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Mar
6

Google and the speed of privacy change

by Simon Brew

Big companies may not be able to issue software patches quickly. But they sure can change their policies in pretty much an instant, argues Simon Brew…

It’s often been said that one of the benefits of open source is the speed of change, or at least the potential of it. That there’s no waiting for a committee, no line manager to approve expenditure, and no exhaustive wait for no determinable reason. Proprietary software, it’s argued, is just the opposite. Everything takes ages, all the more ironic given the financial outlay needed to get your hands on the tools in the first place.

Life is never quite that straightforward, of course, but there’s still an obviously quicker reaction from a community of enthusiasts than there is a big corporation, which has to tick a whole different set of boxes.

But then, something happens that reminds you just how quickly large organisations can move should they really want to. In this case, it’s the changes brought about by Google, as it sought to merge lots of its existing privacy policies into one document.

It’s an admirable goal that Google had, here. After all, if you read the spiel that’s come out of Google’s headquarters on the matter, it appears an act of selflessness, the ilk of which should be encourage. Google has done it all for us, it’s going to make everything so much easier and less confusing, and the world will probably turn in a much more satisfying manner as a consequence. Thank you, Google.

Thankfully, better people than I have been dissecting the ramifications of the changes that Google has brought in. What intrigued me, though, was that it all happened so quickly.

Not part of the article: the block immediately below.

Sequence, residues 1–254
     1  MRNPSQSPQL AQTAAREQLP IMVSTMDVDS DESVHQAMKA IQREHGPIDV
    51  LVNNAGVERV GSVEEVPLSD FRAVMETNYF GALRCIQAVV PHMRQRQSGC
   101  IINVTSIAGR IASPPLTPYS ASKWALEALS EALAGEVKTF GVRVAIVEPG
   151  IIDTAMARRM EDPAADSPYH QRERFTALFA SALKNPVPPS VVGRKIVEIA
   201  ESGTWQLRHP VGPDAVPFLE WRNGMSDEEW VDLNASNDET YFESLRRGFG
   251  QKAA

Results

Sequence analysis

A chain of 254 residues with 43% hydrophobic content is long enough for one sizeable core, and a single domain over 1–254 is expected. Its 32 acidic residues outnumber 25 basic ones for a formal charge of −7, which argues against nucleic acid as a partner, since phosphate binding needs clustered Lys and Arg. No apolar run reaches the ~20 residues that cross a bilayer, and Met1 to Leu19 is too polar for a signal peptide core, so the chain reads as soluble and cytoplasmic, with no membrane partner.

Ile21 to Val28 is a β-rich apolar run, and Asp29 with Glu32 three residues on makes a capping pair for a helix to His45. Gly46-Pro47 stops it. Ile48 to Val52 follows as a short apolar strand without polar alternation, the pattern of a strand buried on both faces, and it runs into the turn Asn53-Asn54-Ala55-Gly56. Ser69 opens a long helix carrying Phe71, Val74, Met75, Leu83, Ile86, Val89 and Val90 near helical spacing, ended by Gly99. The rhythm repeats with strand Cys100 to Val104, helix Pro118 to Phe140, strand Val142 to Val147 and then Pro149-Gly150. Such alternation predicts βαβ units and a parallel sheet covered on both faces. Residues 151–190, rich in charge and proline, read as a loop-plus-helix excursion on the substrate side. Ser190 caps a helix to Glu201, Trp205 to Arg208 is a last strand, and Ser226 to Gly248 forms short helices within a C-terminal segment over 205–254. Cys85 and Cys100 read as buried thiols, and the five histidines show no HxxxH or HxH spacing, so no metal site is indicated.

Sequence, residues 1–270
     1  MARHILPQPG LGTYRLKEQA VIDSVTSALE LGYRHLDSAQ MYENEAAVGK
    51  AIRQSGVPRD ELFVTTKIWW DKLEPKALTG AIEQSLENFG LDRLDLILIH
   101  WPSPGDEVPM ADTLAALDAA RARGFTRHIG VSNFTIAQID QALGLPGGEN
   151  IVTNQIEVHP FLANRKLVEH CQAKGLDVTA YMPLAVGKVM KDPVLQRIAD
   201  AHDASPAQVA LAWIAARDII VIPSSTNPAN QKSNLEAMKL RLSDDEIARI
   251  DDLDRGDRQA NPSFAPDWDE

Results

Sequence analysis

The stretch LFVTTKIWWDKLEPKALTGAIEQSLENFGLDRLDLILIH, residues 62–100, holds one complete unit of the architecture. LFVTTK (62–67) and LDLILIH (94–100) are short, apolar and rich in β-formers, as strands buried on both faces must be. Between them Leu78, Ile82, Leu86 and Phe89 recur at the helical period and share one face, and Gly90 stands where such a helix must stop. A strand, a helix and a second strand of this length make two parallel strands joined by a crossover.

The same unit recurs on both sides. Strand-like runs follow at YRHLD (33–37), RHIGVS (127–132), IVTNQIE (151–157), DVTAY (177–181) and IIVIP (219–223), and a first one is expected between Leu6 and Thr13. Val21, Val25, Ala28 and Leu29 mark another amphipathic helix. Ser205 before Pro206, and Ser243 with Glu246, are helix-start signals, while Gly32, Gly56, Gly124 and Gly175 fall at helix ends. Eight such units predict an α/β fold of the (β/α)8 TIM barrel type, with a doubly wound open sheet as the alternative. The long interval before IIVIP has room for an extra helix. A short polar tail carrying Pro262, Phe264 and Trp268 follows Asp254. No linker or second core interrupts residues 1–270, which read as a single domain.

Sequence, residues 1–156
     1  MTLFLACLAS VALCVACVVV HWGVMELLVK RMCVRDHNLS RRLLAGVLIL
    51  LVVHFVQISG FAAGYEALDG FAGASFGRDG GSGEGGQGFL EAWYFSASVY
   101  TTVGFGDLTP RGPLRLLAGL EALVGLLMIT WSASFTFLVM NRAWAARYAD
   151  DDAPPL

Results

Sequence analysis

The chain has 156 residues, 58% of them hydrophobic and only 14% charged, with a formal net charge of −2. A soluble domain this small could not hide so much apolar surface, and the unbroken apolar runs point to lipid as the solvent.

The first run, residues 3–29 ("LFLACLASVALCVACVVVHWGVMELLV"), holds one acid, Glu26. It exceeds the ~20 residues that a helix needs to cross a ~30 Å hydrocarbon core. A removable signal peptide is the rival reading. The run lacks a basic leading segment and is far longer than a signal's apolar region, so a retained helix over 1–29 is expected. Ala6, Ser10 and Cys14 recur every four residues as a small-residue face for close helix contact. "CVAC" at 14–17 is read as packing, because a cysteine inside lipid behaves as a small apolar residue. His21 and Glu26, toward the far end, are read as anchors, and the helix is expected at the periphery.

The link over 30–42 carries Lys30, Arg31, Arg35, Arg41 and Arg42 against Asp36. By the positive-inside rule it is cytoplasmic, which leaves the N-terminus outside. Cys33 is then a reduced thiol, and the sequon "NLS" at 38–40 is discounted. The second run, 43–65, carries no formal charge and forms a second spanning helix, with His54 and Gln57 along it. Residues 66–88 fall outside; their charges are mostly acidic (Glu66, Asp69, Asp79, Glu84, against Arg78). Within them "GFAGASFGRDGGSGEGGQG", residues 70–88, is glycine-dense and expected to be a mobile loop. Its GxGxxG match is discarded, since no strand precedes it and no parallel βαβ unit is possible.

Obviously, lots of expensive legal people earned their cash before Christmas, making sure as much as possible was watertight. But for us end users, the changes seemed to be sprung out of nowhere. A major privacy policy change, affecting over 70 different services, and dealing with the tracking of our online activity, was sprung on us in January, and enacted on 1st March. We had eight weeks at best to digest everything, and realise that there was no way we could opt out. It felt pretty much take it or leave it.

There, in one example, is just how fast a big firm can move if it wants to, although in this instance, Google may yet regret moving with such apparent haste. The European Union has already questioned the legality of what’s happened, and several other official bodies are believed to be poking their nose in, too. And rightly so.

The perception is that because so much of what Google does is free, that it’s open source, and that it should be bracketed in with something like the Linux kernel as a gift to us all. Common sense quickly tells you otherwise. Google’s advertising platform, bringing in tens of billions of dollars of revenue for the firm every year, is set to be a major beneficiary of the policy changes, especially now it can gleam data from lots of places, under the umbrella of one policy. From an end user’s point of view, it’s all much easier to understand, though. As, no doubt, will the targeted ads that suddenly are about to become yet more specific.

If you watched the final episode of Sherlock series two, broadcast earlier this year, you may recall the notion that the sleuth’s foe, Moriarty, chose to hide himself in plain sight. Google’s privacy changes have done the same thing. And rather than allow us to digest and debate them – which most users wouldn’t have done – they appear to have been driven in with the aid of a battering ram, and an ethos of we’re big, so we can do it. All wrapped up in reasonable language, of course.

Two things, then. If big companies want to do something fast, it’s fairly clear that they can. And more than ever, the transparency involved in pure open source has rarely been more important. Type that into Google and let them read it…

How to opt out
If you want to limit what Google can see about you, then go into your Google Account Settings page, and you’ll find an option for View, enable or disable web history.

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